Dragon 1/72 SdKfz. 222 Leichte Panzerspahwagen
|REVIEWER:||Scott Van Aken|
|NOTES:||New tool kit|
The Sd.kfz 222 is part of a family of light armored cars thatstarted with the 221. Prototypes of this series were initially developed around1937 and were produced until 1942. However these useful vehicles were used untilthe end of the war. The main difference between the 221 and the 222 was in theweapon carried. The 221 had a a seven sided open topped turret with a single7.92mm machine gun. Later in the war, a 2.3 cm anti-tank rifle replaced themachine gun. The 222 (and subject of this kit) had a ten sided open toppedturret with a 20mm anti-tank gun in addition to the machine gun.
All of these vehicles were based on a Horch/Auto Union chassiswhich had either a 3.5 liter, 75 hp engine (Ausf A) or later production had a3.8 liter 81 hp engine (Ausf B). Both had the engine in the rear. The chassishad a four wheel drive, fully independent suspension. Initially, they also hadfour wheel steering, but this was removed later as it proved to be unnecessary.The differentials were full locking ensuring that all four wheels were able toprovide traction.
The hull was welded steel plate with a door on either side. Theopen top was covered by a framework with steel mesh (obviously to prevent theodd hand grenade from being dropped inside). Elevation and azimuth of the turretwere manually controlled via small hand wheels.
Apparently this kit is the first of several that we will see in twin packs. Yes, you do get two of these kits in each box, making it a pretty good deal for those who like to build 1/72 military subjects. I found it particularly nice in that there isn't a ton of parts for each kit and that it comes with a nice photo-etch screen for the top of the turret. The thing that is good about armored cars is that one doesn't have to deal with road wheels or track segments. The modeler can generally just paint the entire vehicle minus the wheels and do detail painting when the parts are already cemented on the model.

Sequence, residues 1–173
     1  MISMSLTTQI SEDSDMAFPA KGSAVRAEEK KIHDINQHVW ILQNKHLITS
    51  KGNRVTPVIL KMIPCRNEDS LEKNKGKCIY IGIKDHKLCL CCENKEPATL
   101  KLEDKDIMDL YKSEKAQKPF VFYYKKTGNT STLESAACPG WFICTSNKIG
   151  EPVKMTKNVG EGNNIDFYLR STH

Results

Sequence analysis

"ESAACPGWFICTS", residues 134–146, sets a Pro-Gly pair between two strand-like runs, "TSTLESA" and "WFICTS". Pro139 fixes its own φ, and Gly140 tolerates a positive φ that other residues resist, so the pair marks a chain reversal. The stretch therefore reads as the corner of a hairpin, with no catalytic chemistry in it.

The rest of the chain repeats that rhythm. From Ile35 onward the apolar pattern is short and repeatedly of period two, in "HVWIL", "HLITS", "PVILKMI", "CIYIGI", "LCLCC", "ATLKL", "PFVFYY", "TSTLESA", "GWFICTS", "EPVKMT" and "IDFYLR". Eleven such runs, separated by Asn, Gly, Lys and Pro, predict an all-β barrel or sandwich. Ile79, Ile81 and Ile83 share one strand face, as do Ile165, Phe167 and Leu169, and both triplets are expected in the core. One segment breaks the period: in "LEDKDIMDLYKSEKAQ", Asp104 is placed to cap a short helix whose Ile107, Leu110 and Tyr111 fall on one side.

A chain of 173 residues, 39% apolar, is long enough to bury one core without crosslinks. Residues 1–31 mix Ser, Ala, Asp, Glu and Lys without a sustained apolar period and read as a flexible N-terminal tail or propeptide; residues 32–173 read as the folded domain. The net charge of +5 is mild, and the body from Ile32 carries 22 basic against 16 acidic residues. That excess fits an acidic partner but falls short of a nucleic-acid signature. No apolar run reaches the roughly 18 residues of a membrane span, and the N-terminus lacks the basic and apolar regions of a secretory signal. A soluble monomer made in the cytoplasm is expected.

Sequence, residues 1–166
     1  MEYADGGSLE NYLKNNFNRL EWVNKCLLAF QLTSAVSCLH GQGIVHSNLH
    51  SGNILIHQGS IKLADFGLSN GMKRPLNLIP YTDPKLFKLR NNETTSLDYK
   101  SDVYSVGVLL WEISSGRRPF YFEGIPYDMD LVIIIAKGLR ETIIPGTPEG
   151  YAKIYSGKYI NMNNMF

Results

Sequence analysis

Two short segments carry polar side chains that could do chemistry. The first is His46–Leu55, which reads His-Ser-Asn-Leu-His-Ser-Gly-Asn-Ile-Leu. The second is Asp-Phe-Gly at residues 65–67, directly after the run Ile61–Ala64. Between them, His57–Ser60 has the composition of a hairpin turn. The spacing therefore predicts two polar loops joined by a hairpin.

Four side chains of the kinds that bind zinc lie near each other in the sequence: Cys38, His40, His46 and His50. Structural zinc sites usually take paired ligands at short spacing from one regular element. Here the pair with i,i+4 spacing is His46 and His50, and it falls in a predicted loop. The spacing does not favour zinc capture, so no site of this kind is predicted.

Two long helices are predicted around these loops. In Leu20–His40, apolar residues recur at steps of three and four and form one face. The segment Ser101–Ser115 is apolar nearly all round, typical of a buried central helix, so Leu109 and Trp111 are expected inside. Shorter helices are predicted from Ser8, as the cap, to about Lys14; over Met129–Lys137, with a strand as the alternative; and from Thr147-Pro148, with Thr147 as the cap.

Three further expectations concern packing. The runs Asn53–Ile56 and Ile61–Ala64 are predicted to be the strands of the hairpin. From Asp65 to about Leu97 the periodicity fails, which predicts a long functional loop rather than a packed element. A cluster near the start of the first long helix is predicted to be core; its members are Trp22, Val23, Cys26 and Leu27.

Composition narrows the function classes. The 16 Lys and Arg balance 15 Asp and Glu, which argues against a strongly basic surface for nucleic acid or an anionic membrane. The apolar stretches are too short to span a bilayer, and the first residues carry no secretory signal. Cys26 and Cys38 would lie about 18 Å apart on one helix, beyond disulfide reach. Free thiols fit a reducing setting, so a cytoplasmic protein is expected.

Here is a full listing of all the features.
There are 100 parts in this set which means 50 bits per vehicle. Now that isn't all that many when you think about it and you do get markings for two panzer grey vehicles; one each from an unidentified unit is Poland during 1939 and France in 1940. Instructions are very well done on glossy paper with full color painting and markings guide. Since the French one has no really unique markings, you can do a variety of license plates, assuming you have a good photo.
I have to say that I really like this idea of two smaller vehicles in a box and do hope it is a trend. Though there are some small and finely molded parts, those with a modicum of experience should have zero trouble with the kit. Thanks to Dragon's usual high standards of molding and detail, it will be a real beauty when done.
Thanks to www.dragonmodelsusa.com for the preview kit. Get yours today at your local shop or on-line retailer.
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